Construction work is dangerous business. Whether a crew is building a skyscraper in the middle of a crowded city or constructing a highway across rural farmland, serious risks for injuries surround the construction site. Just about anyone can be injured in construction vehicle accidents, including drivers, pedestrians, and even the construction workers themselves.
What is a construction vehicle?
Accidents involving construction vehicles are among the most deadly types of accidents there are. Some of the most common types of construction vehicles involved in workplace accidents are:
- Asphalt pavers
- Cherry pickers
- Dump trucks
Because of the sheer size and power of these vehicles, accidents involving them can be fatal. That is why the Occupational Safety and Health Administration (OSHA) strictly enforces safety regulations on all construction sites across the country.
Liability for Construction Vehicle Accidents Can Be Hard to Determine
Determining who is liable for your construction site accident involving a vehicle can be difficult and depends on the facts of your case. In many cases, you will need the assistance of a Fort Lauderdale construction site accident attorney to determine liability and help you recover the full compensation you deserve.
Most commonly, one of the following parties will be fully or partially liable for your accident and responsible for paying for your injuries.
The worker driving or operating the vehicle: Sometimes, the person driving or operating the machine causes the accident. For example, consider a driver of a backhoe working on a highway project. If that driver is moving dirt and accidentally dropped a pile of dirt onto another worker or passerby, that driver will be liable.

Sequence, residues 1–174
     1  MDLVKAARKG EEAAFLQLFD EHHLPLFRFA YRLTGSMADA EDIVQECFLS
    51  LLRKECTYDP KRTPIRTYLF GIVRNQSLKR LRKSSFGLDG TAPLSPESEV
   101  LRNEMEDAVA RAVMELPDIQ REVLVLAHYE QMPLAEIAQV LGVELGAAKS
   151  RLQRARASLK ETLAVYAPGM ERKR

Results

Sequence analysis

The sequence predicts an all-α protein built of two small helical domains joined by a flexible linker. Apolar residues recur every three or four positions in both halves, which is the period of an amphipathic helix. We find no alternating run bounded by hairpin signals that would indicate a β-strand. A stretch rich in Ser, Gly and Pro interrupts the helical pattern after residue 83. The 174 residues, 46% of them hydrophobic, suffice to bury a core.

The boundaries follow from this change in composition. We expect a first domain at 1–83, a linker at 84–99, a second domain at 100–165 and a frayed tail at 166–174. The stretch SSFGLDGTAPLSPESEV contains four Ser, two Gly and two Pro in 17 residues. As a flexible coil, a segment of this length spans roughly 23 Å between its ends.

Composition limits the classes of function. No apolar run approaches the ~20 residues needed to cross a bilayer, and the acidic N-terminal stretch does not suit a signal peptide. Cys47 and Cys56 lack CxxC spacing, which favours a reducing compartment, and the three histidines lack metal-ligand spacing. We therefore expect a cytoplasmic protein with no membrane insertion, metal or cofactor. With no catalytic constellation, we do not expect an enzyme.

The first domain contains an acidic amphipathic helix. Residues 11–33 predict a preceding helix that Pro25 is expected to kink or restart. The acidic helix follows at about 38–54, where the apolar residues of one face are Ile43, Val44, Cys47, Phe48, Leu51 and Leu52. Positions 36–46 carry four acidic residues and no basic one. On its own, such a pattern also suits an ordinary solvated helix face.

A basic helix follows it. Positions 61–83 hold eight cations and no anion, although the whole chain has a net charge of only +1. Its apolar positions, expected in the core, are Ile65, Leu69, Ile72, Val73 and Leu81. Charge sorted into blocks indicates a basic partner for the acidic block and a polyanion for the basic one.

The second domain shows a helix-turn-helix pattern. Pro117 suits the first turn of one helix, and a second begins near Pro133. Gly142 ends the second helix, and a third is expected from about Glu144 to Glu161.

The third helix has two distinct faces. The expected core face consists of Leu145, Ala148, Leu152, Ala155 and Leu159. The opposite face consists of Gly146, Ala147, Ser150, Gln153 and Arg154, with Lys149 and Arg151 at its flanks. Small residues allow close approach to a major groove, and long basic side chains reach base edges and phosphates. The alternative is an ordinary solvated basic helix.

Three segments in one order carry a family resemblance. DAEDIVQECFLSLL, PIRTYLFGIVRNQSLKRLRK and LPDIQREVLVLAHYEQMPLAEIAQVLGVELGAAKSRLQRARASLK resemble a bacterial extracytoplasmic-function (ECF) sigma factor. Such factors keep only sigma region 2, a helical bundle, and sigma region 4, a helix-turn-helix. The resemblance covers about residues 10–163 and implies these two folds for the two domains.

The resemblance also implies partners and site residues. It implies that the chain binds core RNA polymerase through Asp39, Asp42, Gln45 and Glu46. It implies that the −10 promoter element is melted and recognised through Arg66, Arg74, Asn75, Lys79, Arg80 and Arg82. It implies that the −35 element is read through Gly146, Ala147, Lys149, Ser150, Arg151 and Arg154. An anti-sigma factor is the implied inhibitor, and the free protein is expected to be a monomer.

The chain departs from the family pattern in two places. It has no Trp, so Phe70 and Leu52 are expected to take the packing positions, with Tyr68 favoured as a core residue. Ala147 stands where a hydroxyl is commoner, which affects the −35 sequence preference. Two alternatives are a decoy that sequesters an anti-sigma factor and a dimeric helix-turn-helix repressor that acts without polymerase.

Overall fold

The backhoe driver’s employer might also be liable per the doctrine of vicarious liability.
The construction site employer: The employer or manager of the construction site project may also be responsible for the accident.
For example, consider a construction company that fails to train its employees how to properly operate a crane. If one of the employees accidentally causes the crane to tip over while in use, the employer would be liable for any resulting injuries or property damage because it neglected to provide its drivers with proper training for operating a crane.
Similarly, employers can be liable for accidents that happen as a result of OSHA or other safety violations.
The manufacturer of the construction vehicle: Finally, the company that manufactured the construction vehicle might be liable for any resulting accidents if the vehicle is defective. For example, if a brand new forklift has defective brakes, the manufacturer will be liable for any accidents resulting from those poorly manufactured brakes.
Remember, you may be entitled to more than just workers’ compensation for your accident. If you or someone you know was injured in an accident involving a construction vehicle, contact the Montero Law Center for help filing a third-party claim. Call us today at 954-767-6500 to set up a free consultation.